How to write a strong mini-scenario, why you want to use “showing” feedback, and how to make your characters sound like real people: Three classic scenario tips from my blog. Learn more.
Check out these examples of branching scenarios, and examine the design decisions behind them. Read more.
Here are some sample scenarios showing different ways to provide background information, plus a unique way to show the consequence of a decision. Learn more.
What type of scenario do you need? Will a one-scene mini-scenario be enough, or do you need a branching scenario? Learn more.
I’m in your branching scenario, and I’ve made a bad choice. Can I go back and change my decision, or do I have to continue, looking for ways to recover from my mistake? It depends! Learn more.
Want to write a scenario? Don’t just jump in. You’ll save time and create a stronger story if you follow this process. Learn more.
Here’s an alternative to traditional software training: Create self-contained activities that help people learn by doing, and make the activities available on demand. Learn more.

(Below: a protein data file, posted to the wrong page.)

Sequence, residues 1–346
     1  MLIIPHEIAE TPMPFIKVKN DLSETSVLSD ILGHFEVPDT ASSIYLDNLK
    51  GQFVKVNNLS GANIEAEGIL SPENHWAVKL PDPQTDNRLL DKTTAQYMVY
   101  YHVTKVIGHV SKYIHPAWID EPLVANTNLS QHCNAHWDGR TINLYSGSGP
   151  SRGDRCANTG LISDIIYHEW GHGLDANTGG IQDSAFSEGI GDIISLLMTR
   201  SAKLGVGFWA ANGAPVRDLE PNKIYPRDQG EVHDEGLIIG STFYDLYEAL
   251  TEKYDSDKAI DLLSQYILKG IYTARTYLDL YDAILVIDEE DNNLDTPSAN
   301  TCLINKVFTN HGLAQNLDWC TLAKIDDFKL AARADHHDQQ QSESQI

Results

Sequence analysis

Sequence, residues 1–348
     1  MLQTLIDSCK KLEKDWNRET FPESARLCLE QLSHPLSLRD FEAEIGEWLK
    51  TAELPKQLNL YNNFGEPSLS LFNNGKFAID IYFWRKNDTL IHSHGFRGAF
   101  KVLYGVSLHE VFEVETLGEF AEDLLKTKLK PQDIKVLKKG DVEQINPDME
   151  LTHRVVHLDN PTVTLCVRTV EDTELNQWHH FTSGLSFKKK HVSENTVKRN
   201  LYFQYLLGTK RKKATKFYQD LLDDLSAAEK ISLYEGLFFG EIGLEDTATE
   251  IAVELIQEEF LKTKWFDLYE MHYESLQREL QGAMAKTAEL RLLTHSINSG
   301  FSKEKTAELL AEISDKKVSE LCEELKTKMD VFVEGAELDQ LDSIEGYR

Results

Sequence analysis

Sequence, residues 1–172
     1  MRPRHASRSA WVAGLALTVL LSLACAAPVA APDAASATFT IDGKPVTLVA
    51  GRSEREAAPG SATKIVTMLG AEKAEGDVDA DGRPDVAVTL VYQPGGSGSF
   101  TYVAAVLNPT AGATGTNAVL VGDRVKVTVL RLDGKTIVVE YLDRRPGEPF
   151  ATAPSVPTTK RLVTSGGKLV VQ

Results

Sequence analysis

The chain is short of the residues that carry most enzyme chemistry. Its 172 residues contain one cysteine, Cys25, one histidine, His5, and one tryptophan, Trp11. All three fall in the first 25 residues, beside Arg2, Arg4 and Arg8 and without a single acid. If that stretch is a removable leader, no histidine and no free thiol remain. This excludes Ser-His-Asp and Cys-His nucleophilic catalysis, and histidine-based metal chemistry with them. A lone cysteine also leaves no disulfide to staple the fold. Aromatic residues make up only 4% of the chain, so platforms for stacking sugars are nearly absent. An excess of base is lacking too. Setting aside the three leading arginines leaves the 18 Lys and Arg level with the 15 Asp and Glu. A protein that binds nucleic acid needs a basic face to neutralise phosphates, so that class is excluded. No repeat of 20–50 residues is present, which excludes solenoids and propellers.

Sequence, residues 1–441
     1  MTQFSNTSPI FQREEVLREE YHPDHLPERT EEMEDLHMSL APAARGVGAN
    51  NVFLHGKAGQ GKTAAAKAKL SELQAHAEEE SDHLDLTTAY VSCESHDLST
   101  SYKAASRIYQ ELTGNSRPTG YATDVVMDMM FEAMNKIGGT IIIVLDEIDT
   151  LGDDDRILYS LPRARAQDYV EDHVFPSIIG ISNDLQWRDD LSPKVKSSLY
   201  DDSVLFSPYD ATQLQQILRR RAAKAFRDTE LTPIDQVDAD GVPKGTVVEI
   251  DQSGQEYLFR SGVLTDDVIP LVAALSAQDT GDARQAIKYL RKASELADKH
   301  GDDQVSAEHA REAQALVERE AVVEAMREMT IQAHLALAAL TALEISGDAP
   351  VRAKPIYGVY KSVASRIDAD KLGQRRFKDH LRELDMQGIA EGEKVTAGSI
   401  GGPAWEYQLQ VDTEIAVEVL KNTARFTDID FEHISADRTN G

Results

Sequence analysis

“We need eye candy!” But at what cost? If we spend too much time on images, we don’t have time to create challenging activities. Will people really reject a text-only activity? Learn more.
Do your scenario characters sound like robots? Try these 7 powerful tips to write natural dialog and give your characters some character. Learn more.
Your new client wants you to design training for chainsaw users. But what does he really need? And could I possibly be serious about this scenario? Learn more.